Robert Morrison | Remnant Columnist
Suppose you are asked to complete a political survey involving ten popular issues: immigration, social security, abortion, national security, drug legalization, environmental regulation, taxation, LGBTQ rights, the death penalty, and public education. For each issue, you have three possible answers to choose from, broadly representing the most prevalent positions.
WHAT WOULD SOCIETY think of an anti-Semite who deceitfully rose to the highest level of the Anti-Defamation League and then proceeded to promote various anti-Semitic measures? Suppose for instance, that the new leader clandestinely directs ADL funds to anti-Jewish groups, sponsors defamation of Jewish heroes, appoints anti-Semitic officers throughout the organization, and gradually changes the ADL’s values to ones that are pro-Nazi.
In his epistle to the Galatians, St. Paul presented an idea on which the credibility of our Faith depends entirely:
"But though we, or an angel from heaven, preach a gospel to you besides that which we have preached to you, let him be anathema. As we said before, so now I say again: if anyone preach to you a gospel, besides that which you have received, let him be anathema” (Galatians, 1:8-9).
With his inauguration as President of the United States, Joe Biden solidified his standing as the world’s second most prominent nominal Catholic. He and the world’s most prominent nominal Catholic, Pope Francis, likely have many differing viewpoints but are united in their untiring dedication to misrepresenting unambiguous Catholic truth. In this regard, President Biden and Pope Francis are the mature fruits of Vatican II.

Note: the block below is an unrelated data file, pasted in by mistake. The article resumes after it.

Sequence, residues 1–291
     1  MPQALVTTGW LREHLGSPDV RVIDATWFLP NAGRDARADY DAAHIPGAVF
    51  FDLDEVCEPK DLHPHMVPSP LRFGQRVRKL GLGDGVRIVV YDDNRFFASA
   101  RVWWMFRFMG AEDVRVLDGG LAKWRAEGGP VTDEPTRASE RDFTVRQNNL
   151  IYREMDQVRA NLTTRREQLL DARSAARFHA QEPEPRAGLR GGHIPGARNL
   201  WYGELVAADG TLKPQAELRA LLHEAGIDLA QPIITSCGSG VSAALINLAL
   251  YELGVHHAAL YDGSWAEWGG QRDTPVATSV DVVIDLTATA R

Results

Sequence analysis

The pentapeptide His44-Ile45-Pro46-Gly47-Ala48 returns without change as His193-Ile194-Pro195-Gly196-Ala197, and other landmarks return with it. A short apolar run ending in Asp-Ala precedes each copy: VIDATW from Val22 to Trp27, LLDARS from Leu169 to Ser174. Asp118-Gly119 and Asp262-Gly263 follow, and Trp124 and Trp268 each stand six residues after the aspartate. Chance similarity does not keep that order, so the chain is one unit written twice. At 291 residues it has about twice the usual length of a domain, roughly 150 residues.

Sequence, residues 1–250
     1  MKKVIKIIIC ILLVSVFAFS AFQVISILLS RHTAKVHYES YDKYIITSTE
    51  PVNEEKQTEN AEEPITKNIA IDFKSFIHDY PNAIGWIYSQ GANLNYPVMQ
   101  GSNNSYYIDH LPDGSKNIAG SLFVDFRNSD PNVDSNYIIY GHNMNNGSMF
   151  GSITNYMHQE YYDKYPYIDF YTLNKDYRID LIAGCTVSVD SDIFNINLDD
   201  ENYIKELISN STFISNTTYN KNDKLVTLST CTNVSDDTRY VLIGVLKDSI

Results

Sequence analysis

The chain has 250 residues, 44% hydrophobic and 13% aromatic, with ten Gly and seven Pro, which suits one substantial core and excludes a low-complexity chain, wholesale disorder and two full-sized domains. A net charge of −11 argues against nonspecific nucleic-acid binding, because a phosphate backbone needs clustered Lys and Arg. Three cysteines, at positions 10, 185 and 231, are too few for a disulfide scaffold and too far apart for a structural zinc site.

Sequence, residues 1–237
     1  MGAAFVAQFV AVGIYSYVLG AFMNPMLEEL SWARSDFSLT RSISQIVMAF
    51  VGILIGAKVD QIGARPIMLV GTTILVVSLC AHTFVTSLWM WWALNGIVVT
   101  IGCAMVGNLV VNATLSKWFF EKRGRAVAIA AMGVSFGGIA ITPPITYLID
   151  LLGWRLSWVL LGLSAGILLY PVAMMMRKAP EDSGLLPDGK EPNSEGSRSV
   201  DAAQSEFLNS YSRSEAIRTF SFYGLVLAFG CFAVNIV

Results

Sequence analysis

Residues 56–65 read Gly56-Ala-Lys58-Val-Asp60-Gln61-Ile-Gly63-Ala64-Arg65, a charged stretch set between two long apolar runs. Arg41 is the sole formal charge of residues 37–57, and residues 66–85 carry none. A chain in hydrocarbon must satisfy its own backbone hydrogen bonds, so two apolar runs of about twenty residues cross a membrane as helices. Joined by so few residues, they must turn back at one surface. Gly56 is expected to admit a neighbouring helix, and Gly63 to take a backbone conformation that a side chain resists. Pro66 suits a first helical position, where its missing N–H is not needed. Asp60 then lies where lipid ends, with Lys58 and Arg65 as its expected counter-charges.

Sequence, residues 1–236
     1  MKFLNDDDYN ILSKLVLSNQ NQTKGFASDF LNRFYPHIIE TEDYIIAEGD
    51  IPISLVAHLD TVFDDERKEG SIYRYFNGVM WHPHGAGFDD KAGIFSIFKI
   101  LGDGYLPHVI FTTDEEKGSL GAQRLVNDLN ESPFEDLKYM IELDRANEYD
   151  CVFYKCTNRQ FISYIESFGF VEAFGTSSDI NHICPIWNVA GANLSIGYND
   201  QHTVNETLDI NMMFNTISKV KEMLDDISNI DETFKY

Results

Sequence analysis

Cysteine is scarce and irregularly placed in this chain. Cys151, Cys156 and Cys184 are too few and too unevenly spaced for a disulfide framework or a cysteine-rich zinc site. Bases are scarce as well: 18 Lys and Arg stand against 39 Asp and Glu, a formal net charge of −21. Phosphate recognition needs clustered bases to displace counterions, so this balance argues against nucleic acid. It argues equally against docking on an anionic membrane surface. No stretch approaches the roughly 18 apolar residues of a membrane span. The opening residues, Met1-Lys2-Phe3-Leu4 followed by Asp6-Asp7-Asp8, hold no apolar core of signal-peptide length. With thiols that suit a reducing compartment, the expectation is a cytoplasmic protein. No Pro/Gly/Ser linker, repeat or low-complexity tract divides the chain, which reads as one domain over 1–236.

Pope Francis’s recent condemnation of “the movement” associated with the tragic events at the U.S. Capitol should come as no surprise to faithful Catholics who have seen him condemn even the mildest and most faithful members of his supposed spiritual flock.
“Thank God,” he said, “that this has burst into the open and is clear to see well.”
Since the first Pentecost, there have been few years that have seen worldwide transformations of the scale and magnitude we have seen since last Christmas. Almost all aspects of our lives have been upended, and many things that seemed most stable have now seemingly changed forever.
Are we worse off now than we were on Thanksgiving Day of 2019? Since then, we have encountered COVID-19 with the associated lockdowns and other anti-health measures, the BLM/ANTIFA riots, a stunning increase in media dishonesty and censorship, an apparently fraudulent presidential election, the threat of a Global Reset, child exploitation passed off as popular entertainment, and ever more heartbreakingly anti-Catholic actions and pronouncements from the Catholic hierarchy. By almost every measure, we are much worse off now than we were in 2019.
And yet, if we step back and reflect on where we are, there are reasons why we should consider this our greatest Thanksgiving.